Incoterms 2010: The Definitive Guide

Incoterms 2010 The Definitive Guide

Knowing responsibilities, risks, and obligations is important in international commercial shipping.

Thanks to Incoterms 2010 – they simplify all international trade rules.

This guide is the go-to resource for all 11 Incoterms 2010 you are looking for.

Let’s dive right in.

International Commercial Terms 2010 For Any Mode Of Transport

In this category, there are seven international commercial terms. They include EXW, DDP, FCA, DAP, CPT, DAT, and CIP.

You can use these Incoterms in any mode of transport. It does not matter whether you are using one or more transportation methods.

The modes of transport may be sea/ocean, road, rail, or air.

Now, let’s discuss these trade terms:

1. EX Works (EXW Incoterm)

In EXW, you will choose a specific location where your seller delivers the goods. It can be a warehouse, factory, or any premise you own.

As a result, the trade rule exposes you (as the buyer) to more liabilities. 

Apart from ensuring you (as the buyer) receive goods, the seller does not have any other responsibility. As a buyer, you will have to pay for the transportation costs.

Additionally, you will be responsible for other risks or processes after receiving goods. These may include loading, handling customs, or transferring goods from one mode of transport to another.

More Resources EXW Incoterm:

 

2. Free Carrier (FCA Incoterm)

Here, your seller will deliver goods to the destination you specify.

Remember, the carrier can be a truck, warehouse, or vehicle on the seller’s premises.

When you choose FCA Incoterm, it is important to note the following:

  • Seller will pay for loading, insurance, and transport until you receive the goods at a specified location.
  • You (as the buyer) will assume all responsibilities after the seller delivers goods to your carrier
  • Seller has no obligation to unload your goods – their responsibility ends with the goods’ delivery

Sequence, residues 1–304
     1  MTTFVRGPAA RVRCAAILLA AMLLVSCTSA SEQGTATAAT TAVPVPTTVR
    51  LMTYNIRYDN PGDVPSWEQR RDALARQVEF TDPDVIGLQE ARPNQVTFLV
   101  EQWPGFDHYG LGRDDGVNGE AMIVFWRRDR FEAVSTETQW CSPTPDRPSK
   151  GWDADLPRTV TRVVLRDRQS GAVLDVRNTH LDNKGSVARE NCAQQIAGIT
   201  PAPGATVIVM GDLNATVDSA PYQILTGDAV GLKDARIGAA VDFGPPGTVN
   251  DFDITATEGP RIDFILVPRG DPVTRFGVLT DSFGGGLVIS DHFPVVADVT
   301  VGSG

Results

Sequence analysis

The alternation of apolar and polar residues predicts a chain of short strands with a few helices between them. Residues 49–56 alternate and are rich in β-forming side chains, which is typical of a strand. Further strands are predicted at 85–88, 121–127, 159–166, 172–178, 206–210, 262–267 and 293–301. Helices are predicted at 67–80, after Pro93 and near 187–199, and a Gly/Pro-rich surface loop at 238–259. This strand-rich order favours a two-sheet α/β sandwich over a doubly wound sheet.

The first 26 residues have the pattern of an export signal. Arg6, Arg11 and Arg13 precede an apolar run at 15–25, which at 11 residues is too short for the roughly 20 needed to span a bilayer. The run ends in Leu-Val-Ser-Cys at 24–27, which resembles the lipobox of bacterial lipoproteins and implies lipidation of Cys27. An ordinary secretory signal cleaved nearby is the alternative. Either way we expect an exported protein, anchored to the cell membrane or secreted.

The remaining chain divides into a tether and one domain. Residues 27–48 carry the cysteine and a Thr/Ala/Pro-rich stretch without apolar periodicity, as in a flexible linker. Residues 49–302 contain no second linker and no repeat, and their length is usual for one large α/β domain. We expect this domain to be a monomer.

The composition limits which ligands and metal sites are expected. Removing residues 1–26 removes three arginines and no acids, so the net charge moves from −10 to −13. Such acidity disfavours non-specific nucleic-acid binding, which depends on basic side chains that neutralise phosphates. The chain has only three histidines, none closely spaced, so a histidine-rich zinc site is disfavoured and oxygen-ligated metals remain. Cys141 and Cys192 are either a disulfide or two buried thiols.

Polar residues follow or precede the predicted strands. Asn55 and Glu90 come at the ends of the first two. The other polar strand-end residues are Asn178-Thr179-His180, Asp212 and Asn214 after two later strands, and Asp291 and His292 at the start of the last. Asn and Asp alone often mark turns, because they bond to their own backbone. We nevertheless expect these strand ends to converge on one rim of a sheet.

• Seller will handle all formalities involving the export process
  • You (as the buyer) will handle all formalities involving the importation process

Ideally, FCA Incoterm is an improvement of EXW Incoterm.

 

More Resources On FCA Incoterm:

 

3. Carriage Paid To (CPT Incoterm)

In CPT Incoterm 2010, you will specify where the seller delivers goods. During this period, the seller incurs costs and all risks.

At times, you may use multiple carriers. In such situations, your seller will transfer costs and risks after delivering goods to the first carrier.

Remember, export fees and taxes also form part of the carriage paid to fees.

 

More Resources On CPT Incoterm:

 

4. Carriage And Insurance Paid To (CIP Incoterm)

Under CIP rules, it is the seller’s responsibility to pay both insurance and freight costs. The insurance should cover up to 110% of the contract value.

It implies the seller takes care of costs and risks until they deliver goods to the first carrier or specified location. After delivery, you will be responsible for all risks.

Again, under CIP Incoterm 2010, the seller only obtains insurance on minimum cover.

 

More Resources On CIP Incoterm:

 

5. Delivery At Terminal (DAT Incoterm)

In DAT Incoterm, the seller will deliver your goods at a designated terminal. Your seller will take care of costs and risks before the goods arrive at the terminal/destination.

It also includes the unloading process at the terminal.

After delivery, you (as the buyer) will pay all charges.

More Resources On DAT Incoterm:

 

6. Delivered At Place (DAP Incoterm)

DAP Incoterm 2010 requires the seller to deliver your goods to an agreed location. However, you (as the buyer) will unload the goods.

At this point of delivery, the seller transfers all obligations and responsibilities to you (the buyer).

 

More Resources On DAP Incoterm:

 

7. Delivered Duty Paid (DDP Incoterm)

Under the delivered duty paid Incoterms 2010 agreement, your seller is responsible for transporting goods to the agreed destination.